Layton an inspiration

It is rare for the death of a beloved public figure to inspire hope and grief in equal proportion. But this morning, the news of Jack Layton’s untimely passing and the farewell letter he left for Canadians has ignited a current of hope that may one day prove to be his lasting public contribution.

It is rare for the death of a beloved public figure to inspire hope and grief in equal proportion.  But this morning, the news of Jack Layton’s untimely passing and the farewell letter he left for Canadians has ignited a current of hope that may one day prove to be his lasting public contribution.

Last year, Canadians were inspired by Jack’s fierce grace and unyielding commitment to fighting for a better Canada as he faced his first battle with cancer and, later, a federal election while recovering from hip surgery.

Today, the news of Jack’s death and the release of his final words has touched the hearts of millions of people from different walks of life and political persuasions.  His brave message of hope to Canadians is being posted across the internet on social networks and quoted around the world.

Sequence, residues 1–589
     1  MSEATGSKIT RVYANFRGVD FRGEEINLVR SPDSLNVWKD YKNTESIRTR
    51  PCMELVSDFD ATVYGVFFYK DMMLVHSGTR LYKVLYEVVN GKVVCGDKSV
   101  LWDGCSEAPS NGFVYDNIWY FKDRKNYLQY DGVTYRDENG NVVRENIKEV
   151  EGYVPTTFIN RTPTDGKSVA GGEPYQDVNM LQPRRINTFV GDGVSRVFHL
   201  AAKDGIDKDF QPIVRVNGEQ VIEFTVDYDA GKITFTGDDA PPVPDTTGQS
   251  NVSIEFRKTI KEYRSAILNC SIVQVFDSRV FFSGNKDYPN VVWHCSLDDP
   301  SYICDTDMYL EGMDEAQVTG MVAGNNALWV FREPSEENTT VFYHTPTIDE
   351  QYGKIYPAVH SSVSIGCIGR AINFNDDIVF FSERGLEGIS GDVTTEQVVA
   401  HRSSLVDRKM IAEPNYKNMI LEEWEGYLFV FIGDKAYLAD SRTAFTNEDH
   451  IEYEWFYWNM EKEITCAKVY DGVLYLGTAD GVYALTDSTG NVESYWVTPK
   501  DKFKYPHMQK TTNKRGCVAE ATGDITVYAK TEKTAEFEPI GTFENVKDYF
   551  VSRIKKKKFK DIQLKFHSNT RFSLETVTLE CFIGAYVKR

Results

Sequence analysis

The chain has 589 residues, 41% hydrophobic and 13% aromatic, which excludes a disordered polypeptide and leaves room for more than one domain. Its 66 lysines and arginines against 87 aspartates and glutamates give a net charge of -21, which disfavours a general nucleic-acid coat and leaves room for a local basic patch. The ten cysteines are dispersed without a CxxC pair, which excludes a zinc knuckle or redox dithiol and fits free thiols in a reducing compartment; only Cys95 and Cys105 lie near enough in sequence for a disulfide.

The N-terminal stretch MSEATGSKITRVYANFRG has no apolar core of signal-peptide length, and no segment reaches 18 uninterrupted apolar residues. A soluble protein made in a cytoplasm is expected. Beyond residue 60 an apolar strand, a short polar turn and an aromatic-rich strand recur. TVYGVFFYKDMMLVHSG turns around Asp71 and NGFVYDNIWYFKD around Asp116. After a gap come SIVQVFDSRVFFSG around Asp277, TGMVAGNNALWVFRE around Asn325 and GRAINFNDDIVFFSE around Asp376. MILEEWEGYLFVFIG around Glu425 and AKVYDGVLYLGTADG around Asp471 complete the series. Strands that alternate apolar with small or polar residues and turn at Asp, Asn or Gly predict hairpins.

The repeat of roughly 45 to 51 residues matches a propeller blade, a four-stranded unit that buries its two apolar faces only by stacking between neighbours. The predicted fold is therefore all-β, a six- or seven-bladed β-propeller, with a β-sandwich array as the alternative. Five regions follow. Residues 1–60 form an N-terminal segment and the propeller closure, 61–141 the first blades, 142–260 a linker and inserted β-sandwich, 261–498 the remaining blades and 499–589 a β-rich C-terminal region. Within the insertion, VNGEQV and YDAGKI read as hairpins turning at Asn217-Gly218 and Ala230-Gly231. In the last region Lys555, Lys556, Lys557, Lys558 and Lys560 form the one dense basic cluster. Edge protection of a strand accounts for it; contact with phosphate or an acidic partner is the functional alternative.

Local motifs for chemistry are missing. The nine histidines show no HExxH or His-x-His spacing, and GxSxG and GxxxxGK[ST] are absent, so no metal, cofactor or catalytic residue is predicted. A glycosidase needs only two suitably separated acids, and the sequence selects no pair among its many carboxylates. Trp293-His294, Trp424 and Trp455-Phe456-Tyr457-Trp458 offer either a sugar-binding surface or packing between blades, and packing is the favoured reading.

His final message to us — having gone immediately viral on Facebook — is a rallying cry to return to a principled government with strong social values in the tradition of Ghandi and Mandela: “My friends, love is better than anger. Hope is better than fear. Optimism is better than despair. So let us be loving, hopeful and optimistic. And we’ll change the world.”

In his life and in his passing, Jack Layton has challenged us all to imagine a Canada in which our national psyche is animated by the noblest of human aspirations — the values of fairness, compassion, reason, democracy and justice. If the millions of Canadians who are hearing his message and reflecting on his contribution to our society today are infused with even a fraction of his tenacious spirit and vision, Canada will be forever changed for the better.

Jack’s lifelong commitment to Canada, the depth of his passion for change, and his fighting spirit, along with his graceful acceptance that his personal battle was ending has shown Canadians what true leadership looks like. The challenge now is for each of us to carry on working to build a better Canada as Jack would have.

Julia Pope, president

 

Penticton NDP Constituency Association